These objects are actually Eddingtonlimited, not Bondilimited (i.e. Mdot_Bondi » Mdot_Eddington). For instance using equation (4) and M~100Msun and v~200km/s and rho~1e10g/cm^3 I get an accretion rate of ~1 M_sun/yr, whereas the corresponding Eddingtonlimited rate is ~1e6 M_sun/yr.
 Equations (2,3) are for the gas bound to the black hole ramming surrounding material.
Other Mechanisms
 Li, Kocsis, Loeb 2012: https://arxiv.org/pdf/1203.0317.pdf
 GW’s heat nearby gas.
 Per unit mass, the deposited energy is $q = 4 G \nu E_{\rm lost} / r^2 c^3 = 4 G \nu \Delta M / r^2 c$.
 $\Delta M$ is the mass difference between the progenitors and the remnant.
 $\nu$ is the viscosity in $\mathrm{cm^2,s^{1}}$
 Integrating over the surrounding medium a distance $h$ (disk scale height) gives $E_{\rm heat} \approx G \rho h \nu \Delta M / c \approx G \Sigma \nu \Delta M/c$.
 Using $\Delta M \approx 8 M_\odot$ gives $E_{\rm heat} \approx 10^{17}\mathrm{erg} \nu \Sigma$, where $\nu$ and $\Sigma$ are measured in cgs.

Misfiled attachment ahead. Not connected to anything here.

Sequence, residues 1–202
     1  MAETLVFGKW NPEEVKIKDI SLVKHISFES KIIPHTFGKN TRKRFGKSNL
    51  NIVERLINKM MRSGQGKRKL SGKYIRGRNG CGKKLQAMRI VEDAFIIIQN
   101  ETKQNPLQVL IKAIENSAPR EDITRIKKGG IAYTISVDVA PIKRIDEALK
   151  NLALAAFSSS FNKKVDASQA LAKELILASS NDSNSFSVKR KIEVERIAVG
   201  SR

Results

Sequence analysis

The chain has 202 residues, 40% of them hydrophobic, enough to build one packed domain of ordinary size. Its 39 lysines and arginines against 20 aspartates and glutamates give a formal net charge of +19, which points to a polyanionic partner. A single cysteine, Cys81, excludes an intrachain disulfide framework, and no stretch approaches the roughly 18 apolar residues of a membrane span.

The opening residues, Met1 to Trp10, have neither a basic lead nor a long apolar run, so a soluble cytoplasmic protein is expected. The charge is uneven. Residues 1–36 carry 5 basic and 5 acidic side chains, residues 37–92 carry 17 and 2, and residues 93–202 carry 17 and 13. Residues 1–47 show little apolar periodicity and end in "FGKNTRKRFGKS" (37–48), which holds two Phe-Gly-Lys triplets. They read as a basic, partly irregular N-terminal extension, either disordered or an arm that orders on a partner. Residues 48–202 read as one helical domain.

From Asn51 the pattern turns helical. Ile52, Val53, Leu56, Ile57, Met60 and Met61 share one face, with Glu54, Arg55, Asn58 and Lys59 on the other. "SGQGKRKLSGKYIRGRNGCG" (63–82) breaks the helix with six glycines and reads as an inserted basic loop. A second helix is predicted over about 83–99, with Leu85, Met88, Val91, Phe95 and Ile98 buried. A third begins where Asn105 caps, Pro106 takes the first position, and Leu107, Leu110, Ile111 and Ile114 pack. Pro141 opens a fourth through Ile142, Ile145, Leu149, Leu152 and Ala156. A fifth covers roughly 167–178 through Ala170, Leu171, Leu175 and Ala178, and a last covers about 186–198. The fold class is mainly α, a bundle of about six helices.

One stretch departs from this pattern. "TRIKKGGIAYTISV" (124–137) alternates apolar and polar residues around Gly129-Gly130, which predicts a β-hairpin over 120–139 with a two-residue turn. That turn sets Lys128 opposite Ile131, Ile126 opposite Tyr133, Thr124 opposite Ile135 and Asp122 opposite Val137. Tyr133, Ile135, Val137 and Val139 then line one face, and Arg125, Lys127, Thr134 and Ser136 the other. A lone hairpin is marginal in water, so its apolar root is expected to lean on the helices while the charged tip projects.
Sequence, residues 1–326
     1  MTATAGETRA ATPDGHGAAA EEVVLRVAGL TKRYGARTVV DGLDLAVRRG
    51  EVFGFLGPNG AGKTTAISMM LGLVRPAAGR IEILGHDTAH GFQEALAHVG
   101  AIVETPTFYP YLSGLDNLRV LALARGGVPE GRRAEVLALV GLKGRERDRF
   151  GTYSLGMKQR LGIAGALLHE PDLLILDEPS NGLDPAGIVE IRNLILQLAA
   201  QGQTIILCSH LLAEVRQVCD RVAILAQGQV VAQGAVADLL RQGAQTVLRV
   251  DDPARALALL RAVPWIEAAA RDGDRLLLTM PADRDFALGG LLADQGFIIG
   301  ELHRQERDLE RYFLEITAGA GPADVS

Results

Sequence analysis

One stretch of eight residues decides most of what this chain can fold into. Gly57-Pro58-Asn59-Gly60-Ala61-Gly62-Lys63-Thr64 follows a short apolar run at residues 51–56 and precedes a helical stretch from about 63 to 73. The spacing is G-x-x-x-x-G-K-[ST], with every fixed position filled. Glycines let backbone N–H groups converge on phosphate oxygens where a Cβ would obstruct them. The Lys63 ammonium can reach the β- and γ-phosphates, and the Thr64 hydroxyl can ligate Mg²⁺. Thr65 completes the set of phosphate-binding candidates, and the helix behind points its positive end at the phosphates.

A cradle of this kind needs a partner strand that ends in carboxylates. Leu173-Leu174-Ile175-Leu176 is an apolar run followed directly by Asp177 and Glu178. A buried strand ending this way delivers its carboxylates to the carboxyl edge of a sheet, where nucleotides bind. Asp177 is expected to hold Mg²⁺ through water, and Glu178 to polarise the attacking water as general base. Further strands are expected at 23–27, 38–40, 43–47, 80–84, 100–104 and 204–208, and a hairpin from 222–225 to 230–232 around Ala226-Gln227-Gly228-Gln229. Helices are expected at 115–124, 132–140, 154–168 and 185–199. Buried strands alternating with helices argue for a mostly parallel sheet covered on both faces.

Need $\nu \Sigma \approx 10^{34}$ to make this work.
 Graham+2020 estimate $h \approx 10^{14}\mathrm{cm}$ and $\rho \approx 10^{10}\mathrm{g,cm^{3}}$, so $\Sigma \approx 10^4$.
 Using $h \approx 10^{14}cm$ and a sound speed of $10\mathrm{km/s}$, the viscosity is $\nu \approx 10^{20}\mathrm{cm}$.
 So $\nu \Sigma \approx 10^{24}$, which is much too small.
 Also $\nu$ is definitely less than estimated above, because the relevant viscosity is that on timescales comparable to the merger ($0.1s$), not the lowfrequency disk viscosity.
 Could this be due to a supernova in the disk (elides Graham+2020 concerns)?
 Suggested by Yuri Levin
 Or NSBH tidal disruption, or NSNS merger around the same time?